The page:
Upstairs, Lamontagne had strayed from the tour and was thumbing through old Life magazines, amused at some of the advertisements. "It's miraculous to see people give back like this," he said, examining the cover of an issue from the '70s bemoaning the unrest in the Middle East. "The students, staff – they're all engaged. It's really emphasizing the community in community college."
Di Pasquale, whose inauguration week celebration included the first CSD, concurred. "When you think about community colleges across the nation – we're built to be in the community. It's our opportunity to give back. These agencies become our friends for life, and it's really an eye-opening experience."
Brenda Pacheco, program assistant to the Office of Student Life, has been a site leader since the service day's beginnings. Like many participants, she chose to be at a site that hit close to home in one way or another – in her case, the Ronald McDonald House in Providence is not even a mile from her home. As she helped ready the site for the 10 volunteers she would have coming to help with deep cleaning of the common spaces in the house, which provides a refuge for families whose children are in the hospitals across the street, she, like Lamontagne and Di Pasquale reflected on the college's name: "To me, doing this really lets you know why the word 'community' is such a big part of CCRI."
Joanna Powers, volunteer coordinator at the Ronald McDonald house, sat in the calming lobby of the 18-bedroom facility, which resembles a real home more than a temporary setting. Books line the shelves, overstuffed chairs sit in corners by reading lamps. "This is the first time CCRI has been here to volunteer, but we depend on community groups to come in all year long. Everything done by our volunteers is specifically for the families staying here at the house, and it helps a lot," she said.
Tucked away in a quiet neighborhood in Cranston, another site felt more like a residence than a nonprofit organization. That's because Gotta Have Soul, a foundation started in 2010 by a then-12-year-old Nicholas Lowinger, has its headquarters in the family's home. Gotta Have Soul solicits lists from shelters across the country and individually gifts a pair of shoes of the precise size needed for each child. Shoes come with socks, a tag with each child's name on it and an individualized card of encouragement.
There are 2.5 million homeless children in America, said Nicholas's mother, Lori, as volunteers squeezed in and out between floor-to-ceiling racks of shoes in the family garage. "We've sent shoes to 37 states, serving 32,000 children, but that's just a drop in the bucket," she said.
What began as a bar mitzvah project quickly ballooned into a tremendous undertaking, and the Lowingers have risen to the challenge, processing donations directly from major retailers such as Zappos as well as the shoe companies themselves. When they can't fill an order with their donated stock, they take trips out to outlet malls, buying out entire floors with money from grants and other donations.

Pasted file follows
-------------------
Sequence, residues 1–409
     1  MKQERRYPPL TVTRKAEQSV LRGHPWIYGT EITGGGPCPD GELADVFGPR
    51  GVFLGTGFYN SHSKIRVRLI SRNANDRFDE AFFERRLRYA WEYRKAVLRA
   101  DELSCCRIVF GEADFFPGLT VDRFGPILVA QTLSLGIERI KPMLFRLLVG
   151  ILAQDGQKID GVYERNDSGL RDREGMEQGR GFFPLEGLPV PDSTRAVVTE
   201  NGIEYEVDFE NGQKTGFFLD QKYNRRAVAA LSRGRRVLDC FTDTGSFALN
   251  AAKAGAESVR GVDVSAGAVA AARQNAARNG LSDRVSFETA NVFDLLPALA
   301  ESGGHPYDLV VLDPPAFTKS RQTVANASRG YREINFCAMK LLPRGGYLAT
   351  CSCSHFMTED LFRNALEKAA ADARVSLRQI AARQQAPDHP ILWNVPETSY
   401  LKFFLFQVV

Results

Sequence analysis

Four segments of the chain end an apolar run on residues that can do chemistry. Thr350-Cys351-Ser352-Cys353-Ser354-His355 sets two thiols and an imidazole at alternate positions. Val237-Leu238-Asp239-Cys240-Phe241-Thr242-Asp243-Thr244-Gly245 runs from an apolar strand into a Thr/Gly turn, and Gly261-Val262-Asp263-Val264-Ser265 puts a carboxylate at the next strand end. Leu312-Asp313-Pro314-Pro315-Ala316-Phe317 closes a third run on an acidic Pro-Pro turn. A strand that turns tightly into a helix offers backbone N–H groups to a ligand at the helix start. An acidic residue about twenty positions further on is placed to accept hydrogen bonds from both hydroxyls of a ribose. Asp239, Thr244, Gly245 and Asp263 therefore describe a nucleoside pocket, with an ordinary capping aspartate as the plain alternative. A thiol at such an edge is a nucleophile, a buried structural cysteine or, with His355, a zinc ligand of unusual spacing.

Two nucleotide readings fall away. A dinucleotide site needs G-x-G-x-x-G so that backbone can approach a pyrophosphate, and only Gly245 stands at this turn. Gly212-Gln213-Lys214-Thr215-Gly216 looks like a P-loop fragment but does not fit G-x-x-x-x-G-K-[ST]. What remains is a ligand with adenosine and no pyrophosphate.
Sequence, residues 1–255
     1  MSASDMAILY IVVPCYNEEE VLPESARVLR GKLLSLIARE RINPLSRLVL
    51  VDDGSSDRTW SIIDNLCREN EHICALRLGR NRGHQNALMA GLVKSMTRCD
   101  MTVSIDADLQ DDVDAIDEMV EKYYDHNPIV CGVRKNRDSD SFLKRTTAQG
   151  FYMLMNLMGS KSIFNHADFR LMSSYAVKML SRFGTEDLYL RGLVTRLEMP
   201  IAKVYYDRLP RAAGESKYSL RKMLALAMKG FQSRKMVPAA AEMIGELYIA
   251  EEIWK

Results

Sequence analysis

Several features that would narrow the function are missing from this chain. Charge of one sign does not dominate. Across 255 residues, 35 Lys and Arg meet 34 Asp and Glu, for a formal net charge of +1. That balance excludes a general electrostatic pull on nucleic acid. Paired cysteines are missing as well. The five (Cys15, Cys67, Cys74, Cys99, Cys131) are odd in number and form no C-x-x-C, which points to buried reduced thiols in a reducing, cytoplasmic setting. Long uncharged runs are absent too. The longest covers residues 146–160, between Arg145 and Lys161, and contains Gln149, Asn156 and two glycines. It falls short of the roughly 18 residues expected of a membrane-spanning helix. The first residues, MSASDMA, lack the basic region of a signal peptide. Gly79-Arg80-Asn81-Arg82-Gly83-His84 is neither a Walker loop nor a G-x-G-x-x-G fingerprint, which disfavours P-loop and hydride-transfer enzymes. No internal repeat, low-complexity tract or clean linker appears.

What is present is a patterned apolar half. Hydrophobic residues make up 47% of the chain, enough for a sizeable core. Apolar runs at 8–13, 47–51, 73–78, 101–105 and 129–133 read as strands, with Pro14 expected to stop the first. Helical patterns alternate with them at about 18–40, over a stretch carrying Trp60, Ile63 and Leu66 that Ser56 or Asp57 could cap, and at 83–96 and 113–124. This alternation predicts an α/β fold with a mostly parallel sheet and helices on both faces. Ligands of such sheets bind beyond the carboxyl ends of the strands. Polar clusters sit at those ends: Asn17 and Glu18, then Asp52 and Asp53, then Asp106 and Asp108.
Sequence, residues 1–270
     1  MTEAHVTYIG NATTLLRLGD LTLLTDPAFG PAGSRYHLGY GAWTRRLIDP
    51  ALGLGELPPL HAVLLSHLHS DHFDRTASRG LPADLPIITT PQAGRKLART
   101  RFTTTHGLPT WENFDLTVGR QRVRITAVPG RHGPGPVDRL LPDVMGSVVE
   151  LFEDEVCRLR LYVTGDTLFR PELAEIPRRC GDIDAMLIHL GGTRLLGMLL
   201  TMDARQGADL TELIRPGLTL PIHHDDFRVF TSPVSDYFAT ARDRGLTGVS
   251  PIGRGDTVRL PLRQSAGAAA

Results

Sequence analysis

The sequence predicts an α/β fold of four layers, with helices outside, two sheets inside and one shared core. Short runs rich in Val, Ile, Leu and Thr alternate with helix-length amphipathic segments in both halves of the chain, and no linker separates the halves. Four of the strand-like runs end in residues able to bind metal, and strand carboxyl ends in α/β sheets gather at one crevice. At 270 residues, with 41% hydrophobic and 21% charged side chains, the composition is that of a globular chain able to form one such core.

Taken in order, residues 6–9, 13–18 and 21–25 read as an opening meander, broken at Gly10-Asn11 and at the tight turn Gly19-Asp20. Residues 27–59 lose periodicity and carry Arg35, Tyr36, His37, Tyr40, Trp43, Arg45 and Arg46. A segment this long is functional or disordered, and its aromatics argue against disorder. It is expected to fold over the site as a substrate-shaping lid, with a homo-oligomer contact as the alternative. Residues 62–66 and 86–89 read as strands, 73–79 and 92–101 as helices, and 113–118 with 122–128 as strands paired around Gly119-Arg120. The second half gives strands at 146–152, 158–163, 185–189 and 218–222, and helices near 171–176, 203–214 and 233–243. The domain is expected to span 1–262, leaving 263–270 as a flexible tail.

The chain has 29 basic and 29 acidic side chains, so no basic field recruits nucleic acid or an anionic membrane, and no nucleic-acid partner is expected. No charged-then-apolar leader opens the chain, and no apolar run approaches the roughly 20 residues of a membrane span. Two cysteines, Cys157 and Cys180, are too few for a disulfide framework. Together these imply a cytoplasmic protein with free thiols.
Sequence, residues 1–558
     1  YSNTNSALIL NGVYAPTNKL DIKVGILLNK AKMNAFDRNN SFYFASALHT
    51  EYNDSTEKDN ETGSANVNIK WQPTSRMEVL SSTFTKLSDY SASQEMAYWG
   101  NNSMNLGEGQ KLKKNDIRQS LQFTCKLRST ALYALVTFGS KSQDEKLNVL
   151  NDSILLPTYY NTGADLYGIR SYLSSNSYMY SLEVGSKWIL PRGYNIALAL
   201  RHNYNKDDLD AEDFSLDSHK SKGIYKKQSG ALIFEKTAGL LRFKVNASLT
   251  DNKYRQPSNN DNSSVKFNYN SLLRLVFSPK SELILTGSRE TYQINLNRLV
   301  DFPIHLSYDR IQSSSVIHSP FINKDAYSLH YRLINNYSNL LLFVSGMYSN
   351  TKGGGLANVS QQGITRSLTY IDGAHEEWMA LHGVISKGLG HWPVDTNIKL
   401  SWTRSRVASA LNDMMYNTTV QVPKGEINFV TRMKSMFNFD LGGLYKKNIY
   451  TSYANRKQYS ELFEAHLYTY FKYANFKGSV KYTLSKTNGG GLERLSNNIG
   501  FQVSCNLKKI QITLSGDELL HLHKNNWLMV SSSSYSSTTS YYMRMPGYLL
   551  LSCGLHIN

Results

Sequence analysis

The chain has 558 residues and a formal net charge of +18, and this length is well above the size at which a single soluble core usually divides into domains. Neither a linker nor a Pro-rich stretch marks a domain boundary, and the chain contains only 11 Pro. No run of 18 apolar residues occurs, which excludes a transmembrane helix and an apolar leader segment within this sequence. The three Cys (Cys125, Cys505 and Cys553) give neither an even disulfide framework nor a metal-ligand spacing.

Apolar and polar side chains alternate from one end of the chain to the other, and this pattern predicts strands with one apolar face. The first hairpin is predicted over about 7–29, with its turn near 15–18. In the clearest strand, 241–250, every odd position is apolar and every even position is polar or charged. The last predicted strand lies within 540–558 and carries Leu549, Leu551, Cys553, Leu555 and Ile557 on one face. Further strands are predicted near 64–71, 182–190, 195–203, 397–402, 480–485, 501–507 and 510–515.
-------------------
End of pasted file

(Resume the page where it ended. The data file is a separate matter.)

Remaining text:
Nicholas, now a junior at the Wheeler School in Providence, couldn't be there because he was in class. But his enthusiasm for this cause had clearly made its way into the CCRI volunteers on hand. Site coordinator Deb Zielinski, assistant to Di Pasquale, was clearly moved as she spoke of the mission and the work she and the other 38 volunteers were able to do during the day. "It's an experience unlike any other I've had," she said.
"This makes you feel so humble," said Brenda Andrade, professor in the Library, after her shift had ended. "I'm so grateful for all that I have. These kids who don't have shoes can't even get to school – they need these."
"I hope these kids see that other people really do care," chimed in Terrie Celentano, executive assistant to Lamontagne.
Down in Middletown, Newport Campus Coordinator Robyn Greene got to see the impact of volunteering with the next generation firsthand. She and 10 other volunteers worked at the Sandpipers Early Learning Center at Child and Family Services of Newport, where they "participated in activities ranging from rocking a 2-month-old baby to sleep to dancing with 5-year-olds," she said.
"Newport has a very active network of community service agencies and we work together on many initiatives. To be able to help one of our community partners, especially one like Child and Family Services who offers services to so many and does it in such a professional manner, was a pleasure," said Greene.
Other sites served that day were the General Nathaniel Greene Homestead Association in Coventry, where volunteers raked and cleaned the expansive grounds at the site; NeighborWorks Blackstone River Valley in Woonsocket, where volunteers filled 120 lawn bags with wet leaves from a community park; the Providence Children's Museum, where volunteers were happy to be out of the rainy weather helping to make decorations for the museum's upcoming annual gala; and Rhode Island Family Shelter in Warwick, where volunteers cleaned and organized the shelter and kitchen areas.